Route type: Out & back

Hiking, Forest, River, Views, Waterfall, Wildflowers, Wildlife, Fee, No dogs

8. Sentinel Dome Trail

Sentinel Dome Trail

 

Sentinel Dome Trail is 3.4 kilometers with an elevation gain of 139 meters hence rated as easy and anybody can use it. It features beautiful wildflowers and is best used between April and November mainly for hiking.

Length: 2.1 mi
Elevation gain: 456 ft
Route type: Out & back

Hiking, Forest, Views, Wildflowers, Wildlife, Fee, No dogs

9. Clouds Rest Trail

Clouds Rest Trail

 

Clouds Rest Trail is 20.9 kilometers with an elevation gain of 949 meters hence it is rated as difficult. It is located near Yosemite Valley and features beautiful wildflowers. It is best used between March and October mainly for hiking, backpacking, and camping.

Length: 14.0 mi
Elevation gain: 3,166 ft
Route type: Out & back

Backpacking, Camping, Hiking, Forest, Lake, Views, Wildflowers, Wildlife, Rocky, Scramble, Fee, No dogs

10. Vernal Falls & Clark Point through Mist & John Muir Loop

Vernal Falls & Clark Point through Mist & John Muir Loop

 

This trail is 6.8 kilometers with an elevation gain of 473 meters hence rated as difficult. It features a waterfall and is mainly used for hiking from April to October.

Length: 4.2 mi
Elevation gain: 1,551 ft
Route type: Loop

Hiking, Partially paved, River, Views, Waterfall, Wildlife, Rocky, Fee, No dogs

How to Get To the Yosemite National Park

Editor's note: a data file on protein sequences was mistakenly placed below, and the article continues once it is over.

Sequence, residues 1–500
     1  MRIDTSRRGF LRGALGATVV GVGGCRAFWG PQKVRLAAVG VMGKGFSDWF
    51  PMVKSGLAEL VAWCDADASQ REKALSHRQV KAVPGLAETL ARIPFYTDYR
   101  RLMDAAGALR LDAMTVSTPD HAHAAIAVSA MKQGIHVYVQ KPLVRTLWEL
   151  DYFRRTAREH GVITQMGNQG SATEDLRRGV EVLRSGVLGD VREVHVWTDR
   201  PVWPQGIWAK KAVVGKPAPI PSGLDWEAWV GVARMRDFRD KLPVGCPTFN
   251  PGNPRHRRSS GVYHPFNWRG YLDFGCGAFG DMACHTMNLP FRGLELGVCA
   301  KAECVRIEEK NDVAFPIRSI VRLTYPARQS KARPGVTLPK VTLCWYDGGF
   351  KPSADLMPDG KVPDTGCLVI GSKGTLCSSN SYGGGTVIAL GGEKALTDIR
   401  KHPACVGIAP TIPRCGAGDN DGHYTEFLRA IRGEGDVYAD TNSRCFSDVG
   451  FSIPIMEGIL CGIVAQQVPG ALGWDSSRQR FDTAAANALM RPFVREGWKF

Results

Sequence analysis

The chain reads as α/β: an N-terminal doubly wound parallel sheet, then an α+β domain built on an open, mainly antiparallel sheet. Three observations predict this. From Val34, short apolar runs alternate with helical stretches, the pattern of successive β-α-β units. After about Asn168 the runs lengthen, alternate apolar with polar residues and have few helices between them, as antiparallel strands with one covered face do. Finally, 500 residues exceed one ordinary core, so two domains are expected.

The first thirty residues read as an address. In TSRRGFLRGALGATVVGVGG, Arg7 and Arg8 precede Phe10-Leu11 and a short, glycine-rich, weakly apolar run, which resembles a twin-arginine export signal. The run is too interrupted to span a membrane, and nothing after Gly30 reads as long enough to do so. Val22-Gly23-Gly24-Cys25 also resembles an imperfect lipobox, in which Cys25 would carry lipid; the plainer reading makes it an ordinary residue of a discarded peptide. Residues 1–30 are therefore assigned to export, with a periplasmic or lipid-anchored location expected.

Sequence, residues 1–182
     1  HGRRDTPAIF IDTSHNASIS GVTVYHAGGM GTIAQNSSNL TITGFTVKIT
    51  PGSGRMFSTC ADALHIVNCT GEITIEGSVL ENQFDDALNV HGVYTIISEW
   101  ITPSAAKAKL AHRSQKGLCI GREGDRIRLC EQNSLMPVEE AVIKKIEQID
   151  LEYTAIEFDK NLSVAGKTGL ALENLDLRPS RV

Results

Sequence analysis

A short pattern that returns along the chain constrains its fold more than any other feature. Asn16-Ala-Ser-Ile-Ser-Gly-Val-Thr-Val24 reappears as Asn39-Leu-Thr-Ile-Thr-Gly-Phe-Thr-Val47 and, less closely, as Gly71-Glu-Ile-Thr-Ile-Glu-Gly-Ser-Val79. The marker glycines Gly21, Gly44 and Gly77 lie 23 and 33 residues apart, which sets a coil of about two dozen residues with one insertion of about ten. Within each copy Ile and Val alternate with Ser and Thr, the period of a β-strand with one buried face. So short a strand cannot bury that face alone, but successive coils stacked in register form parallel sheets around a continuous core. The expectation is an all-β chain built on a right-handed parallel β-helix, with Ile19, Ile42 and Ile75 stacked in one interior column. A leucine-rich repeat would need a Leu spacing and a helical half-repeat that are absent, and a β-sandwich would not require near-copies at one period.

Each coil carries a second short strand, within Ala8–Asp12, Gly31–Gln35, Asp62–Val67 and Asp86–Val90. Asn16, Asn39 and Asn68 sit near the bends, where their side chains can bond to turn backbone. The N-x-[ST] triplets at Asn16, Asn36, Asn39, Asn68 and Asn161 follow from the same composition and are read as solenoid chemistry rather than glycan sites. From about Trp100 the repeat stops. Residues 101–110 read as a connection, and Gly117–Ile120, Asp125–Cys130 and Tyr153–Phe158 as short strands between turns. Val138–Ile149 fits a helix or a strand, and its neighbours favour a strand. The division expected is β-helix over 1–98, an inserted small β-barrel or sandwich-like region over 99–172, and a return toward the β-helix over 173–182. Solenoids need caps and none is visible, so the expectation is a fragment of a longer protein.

Yosemite National Park is one of the most convenient parks to visit in the USA. This is because it is surrounded by a variety of airports and the distance between the airports and the park is a driving distance that does not take much time. Fresno-Yosemite International Airport is the closest to the park and from this airport; you will have to drive for a distance of 65 miles in about 1 hour and 30 minutes to reach the park.

The other airports close to Yosemite National Park are San Francisco International Airport, San Jose International Airport, and Oakland International Airport. From these airports, you will need to drive roughly 3 hours to reach the park. To get around Yosemite National Park, a car is the best option compared to Yosemite’s shuttles. However, during the summer season when the park is crowded, Yosemite’s shuttles become a better alternative due to huge road traffic and parking lots filling up so fast.

Yosemite National Park Free Camping Spots - Harden Flat Road Dispersed

Choosing the Right Entrances to Yosemite National Park

Are you planning to take your friends or family to Yosemite National Park? Well, this is an excellent park you can visit over the weekend or during the holidays since it has a lot to offer. One thing to note, though, is that Yosemite National Park has a total of five entrances you can use to access the park. So, which is the best Entrance to use?

Well, if you are wondering where to pass to access the park, this is the right article to read as we are going to review the five entrances to Yosemite National Park and what to expect on your way. From our reviews, choose based on where you come from and the experience you want to have at the park.

1. Hetchy Entrance

This is the Entrance that you access when you come from highway 120 and by Evergreen road. I would highly recommend this Entrance to people who don’t want much commotion or tagging kids along. It is a much quieter entrance, has lesser crowds, and we can’t ignore the fact that there are many features you view on your way. One downfall to note, though, is this Entrance is located at the furthest part of the Northside of the park.

Probably one of the reasons it has fewer crowds compared to others. But hey! If you need convenience in accessing the significant Yosemite National Park, I believe the Entrance is a sure bet.

The Origin of Hetchy